Czechoslovak RAF pilots commemorated at Winged Lion memorial event in Prague

The British community expressed its gratitude for the courage of airmen who fought for the freedom of their homeland from abroad.

 William Nattrass

Written by William Nattrass Published on 16.08.2021 13:28 (updated on 16.08.2021) Reading time: 2 minutes

The 76th anniversary of the homecoming of Czechoslovak pilots who fought with Britain’s Royal Air Force (RAF) during the Second World War has been commemorated at Prague’s Winged Lion Memorial. The ceremony celebrated the courage of the 2,513 airmen who fought for their homeland from overseas, and who are now the subject of a major documentary film to be released in 2022.

“The Czechoslovak pilots who fought with the RAF in the Battle of Britain and throughout the rest of the Second World War were renowned for their bravery and skill,” says Colonel David Catmur, British Defence Attaché to the Czech Republic. “Admired by their British counterparts and feared by the Nazi forces who occupied their homeland, they deserve our continued gratitude.”

A new documentary feature film, “The Winged Lions”, will tell the story of the Czechoslovak airmen through purely archive footage including previously unseen material. The film, produced by NOW Productions, is supported by the Czech Film Fund and will have a cinema release in summer 2022, followed by broadcast on Česká televize and Slovenská televize in early 2023.

The RAF and Czech flags flown together at the Winged Lion / photo via Best Communications
The RAF and Czech flags flown together at the Winged Lion / photo via Best Communications

Financing for the film is also being supported by the Winged Lion Memorial Appeal Fund, which raised money for the installation of the two-metre-high bronze statue in Prague’s Klarov area in 2014.

“The Winged Lion Memorial is a fitting tribute to the memory of these true heroes,” says Gordon Lovitt, Managing Director of NOW Productions. “Our film will bring the airmen’s tales vividly to life for a new generation by following their actions both in the skies and on the ground in Great Britain and across Europe. The story of the Czechoslovak airmen takes us on an Odyssean journey to both the Western and Eastern fronts of the war, while putting the humanity of these young men front and center.”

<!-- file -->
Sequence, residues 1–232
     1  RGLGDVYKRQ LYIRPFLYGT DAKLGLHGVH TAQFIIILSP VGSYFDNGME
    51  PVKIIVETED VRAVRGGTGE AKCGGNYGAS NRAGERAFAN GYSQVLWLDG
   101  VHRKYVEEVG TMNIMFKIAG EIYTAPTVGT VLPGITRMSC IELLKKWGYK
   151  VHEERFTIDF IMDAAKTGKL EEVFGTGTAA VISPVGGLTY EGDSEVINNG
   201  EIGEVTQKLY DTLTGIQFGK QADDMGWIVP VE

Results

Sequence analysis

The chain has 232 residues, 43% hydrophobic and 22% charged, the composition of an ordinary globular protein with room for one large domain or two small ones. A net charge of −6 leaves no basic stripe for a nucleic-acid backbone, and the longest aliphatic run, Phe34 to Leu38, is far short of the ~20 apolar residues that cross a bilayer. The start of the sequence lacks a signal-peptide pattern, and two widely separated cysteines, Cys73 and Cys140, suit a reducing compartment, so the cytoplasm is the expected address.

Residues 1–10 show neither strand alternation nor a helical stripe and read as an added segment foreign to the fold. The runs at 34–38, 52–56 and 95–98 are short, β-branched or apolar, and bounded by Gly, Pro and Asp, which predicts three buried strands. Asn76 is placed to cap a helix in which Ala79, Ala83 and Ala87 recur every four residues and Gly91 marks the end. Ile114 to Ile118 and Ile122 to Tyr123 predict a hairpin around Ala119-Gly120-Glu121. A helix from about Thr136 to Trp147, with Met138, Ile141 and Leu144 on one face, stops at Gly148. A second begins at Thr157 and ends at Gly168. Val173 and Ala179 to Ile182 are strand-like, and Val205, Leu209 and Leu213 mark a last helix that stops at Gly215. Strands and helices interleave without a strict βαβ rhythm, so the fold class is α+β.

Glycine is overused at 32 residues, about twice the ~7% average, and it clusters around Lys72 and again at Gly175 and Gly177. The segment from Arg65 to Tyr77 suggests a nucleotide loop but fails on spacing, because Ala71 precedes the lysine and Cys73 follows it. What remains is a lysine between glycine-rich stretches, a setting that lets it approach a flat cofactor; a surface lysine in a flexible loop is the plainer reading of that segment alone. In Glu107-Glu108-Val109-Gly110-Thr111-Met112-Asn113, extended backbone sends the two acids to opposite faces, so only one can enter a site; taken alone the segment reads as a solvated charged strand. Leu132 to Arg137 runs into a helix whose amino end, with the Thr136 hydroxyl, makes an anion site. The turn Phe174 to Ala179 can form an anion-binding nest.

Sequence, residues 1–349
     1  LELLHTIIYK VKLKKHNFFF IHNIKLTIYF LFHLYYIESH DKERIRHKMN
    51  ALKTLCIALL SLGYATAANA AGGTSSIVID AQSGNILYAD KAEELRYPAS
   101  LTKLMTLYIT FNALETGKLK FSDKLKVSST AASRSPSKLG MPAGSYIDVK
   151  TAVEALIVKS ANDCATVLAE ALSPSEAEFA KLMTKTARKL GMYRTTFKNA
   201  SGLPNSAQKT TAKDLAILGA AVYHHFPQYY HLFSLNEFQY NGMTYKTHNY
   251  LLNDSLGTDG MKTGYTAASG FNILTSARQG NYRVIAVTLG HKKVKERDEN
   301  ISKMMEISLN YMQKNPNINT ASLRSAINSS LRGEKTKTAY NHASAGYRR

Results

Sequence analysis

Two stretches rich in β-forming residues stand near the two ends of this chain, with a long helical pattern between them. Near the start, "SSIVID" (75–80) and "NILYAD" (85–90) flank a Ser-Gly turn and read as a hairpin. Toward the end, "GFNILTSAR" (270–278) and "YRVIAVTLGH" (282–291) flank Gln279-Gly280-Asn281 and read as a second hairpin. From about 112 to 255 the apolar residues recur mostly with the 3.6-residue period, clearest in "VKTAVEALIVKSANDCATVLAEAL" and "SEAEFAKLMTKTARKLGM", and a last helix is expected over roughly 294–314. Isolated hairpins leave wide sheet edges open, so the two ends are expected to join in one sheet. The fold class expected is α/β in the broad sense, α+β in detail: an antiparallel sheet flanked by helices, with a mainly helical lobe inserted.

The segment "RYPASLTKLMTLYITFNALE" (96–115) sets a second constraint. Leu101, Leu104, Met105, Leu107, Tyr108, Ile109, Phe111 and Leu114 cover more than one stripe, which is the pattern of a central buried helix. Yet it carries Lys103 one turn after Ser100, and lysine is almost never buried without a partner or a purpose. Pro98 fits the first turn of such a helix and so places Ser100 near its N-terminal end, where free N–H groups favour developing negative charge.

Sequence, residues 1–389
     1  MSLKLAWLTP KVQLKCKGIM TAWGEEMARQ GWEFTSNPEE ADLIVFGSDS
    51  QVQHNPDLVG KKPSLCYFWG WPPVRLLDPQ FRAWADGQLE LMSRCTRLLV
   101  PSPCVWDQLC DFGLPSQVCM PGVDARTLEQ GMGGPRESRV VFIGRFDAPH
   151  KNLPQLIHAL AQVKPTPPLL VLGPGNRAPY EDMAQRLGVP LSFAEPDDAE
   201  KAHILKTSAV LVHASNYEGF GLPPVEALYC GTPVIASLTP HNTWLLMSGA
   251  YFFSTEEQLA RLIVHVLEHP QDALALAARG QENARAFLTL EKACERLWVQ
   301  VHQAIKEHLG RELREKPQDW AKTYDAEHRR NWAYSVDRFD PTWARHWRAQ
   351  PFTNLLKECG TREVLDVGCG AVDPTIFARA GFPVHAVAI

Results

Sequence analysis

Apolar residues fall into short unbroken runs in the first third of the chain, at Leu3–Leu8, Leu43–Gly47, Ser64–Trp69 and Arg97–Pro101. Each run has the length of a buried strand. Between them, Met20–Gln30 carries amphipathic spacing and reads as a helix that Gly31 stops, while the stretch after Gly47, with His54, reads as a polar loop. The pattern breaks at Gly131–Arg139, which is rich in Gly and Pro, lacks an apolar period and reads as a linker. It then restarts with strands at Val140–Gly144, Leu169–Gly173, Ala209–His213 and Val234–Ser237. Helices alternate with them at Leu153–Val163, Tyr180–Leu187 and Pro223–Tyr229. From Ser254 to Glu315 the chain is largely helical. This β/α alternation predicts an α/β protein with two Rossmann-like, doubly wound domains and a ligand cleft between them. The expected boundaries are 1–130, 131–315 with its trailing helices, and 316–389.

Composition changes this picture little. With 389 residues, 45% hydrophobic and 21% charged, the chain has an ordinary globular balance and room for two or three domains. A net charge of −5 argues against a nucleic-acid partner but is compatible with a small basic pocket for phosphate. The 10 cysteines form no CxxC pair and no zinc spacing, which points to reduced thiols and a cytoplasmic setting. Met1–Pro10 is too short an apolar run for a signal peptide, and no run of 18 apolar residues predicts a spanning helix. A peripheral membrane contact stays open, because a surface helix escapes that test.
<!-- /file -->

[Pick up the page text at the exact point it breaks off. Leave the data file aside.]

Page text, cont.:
The Winged Lion was financed by donations from British expat communities in the Czech and Slovak Republics who wished to express their gratitude for the pilots’ RAF service. It was unveiled in 2014 by Sir Nicholas Soames, a former British Member of Parliament and the grandson of Britain’s wartime leader Sir Winston Churchill.

Sir Nicholas Soames and WWII veterans at the unveiling of the Winged Lion in 2014 / photo via Best Communications
Sir Nicholas Soames and WWII veterans at the unveiling of the Winged Lion in 2014 / photo via Best Communications

The documentary film currently under production is the latest in a number of initiatives launched following the unveiling of the Winged Lion in 2014. An illustrated book was created telling the pilots' stories, while a major exhibition about the pilots entitled “Knights of Heaven” opened in Prague’s National Museum in June 2019. In November 2017, a plinth was unveiled below the Memorial bearing the names of all 2,513 airmen who fought with the RAF.

“The Winged Lion Memorial and annual ceremony is an excellent way to demonstrate our country’s appreciation of the bravery of the Czech and Slovak airmen in WWII and to underline the strong kindred spirit which has united the Czech and Slovak Republics with Great Britain since 1989,” said Euan Edworthy MBE, initiator of the Winged Lion memorial.

Publish your story to Expats.cz Find out more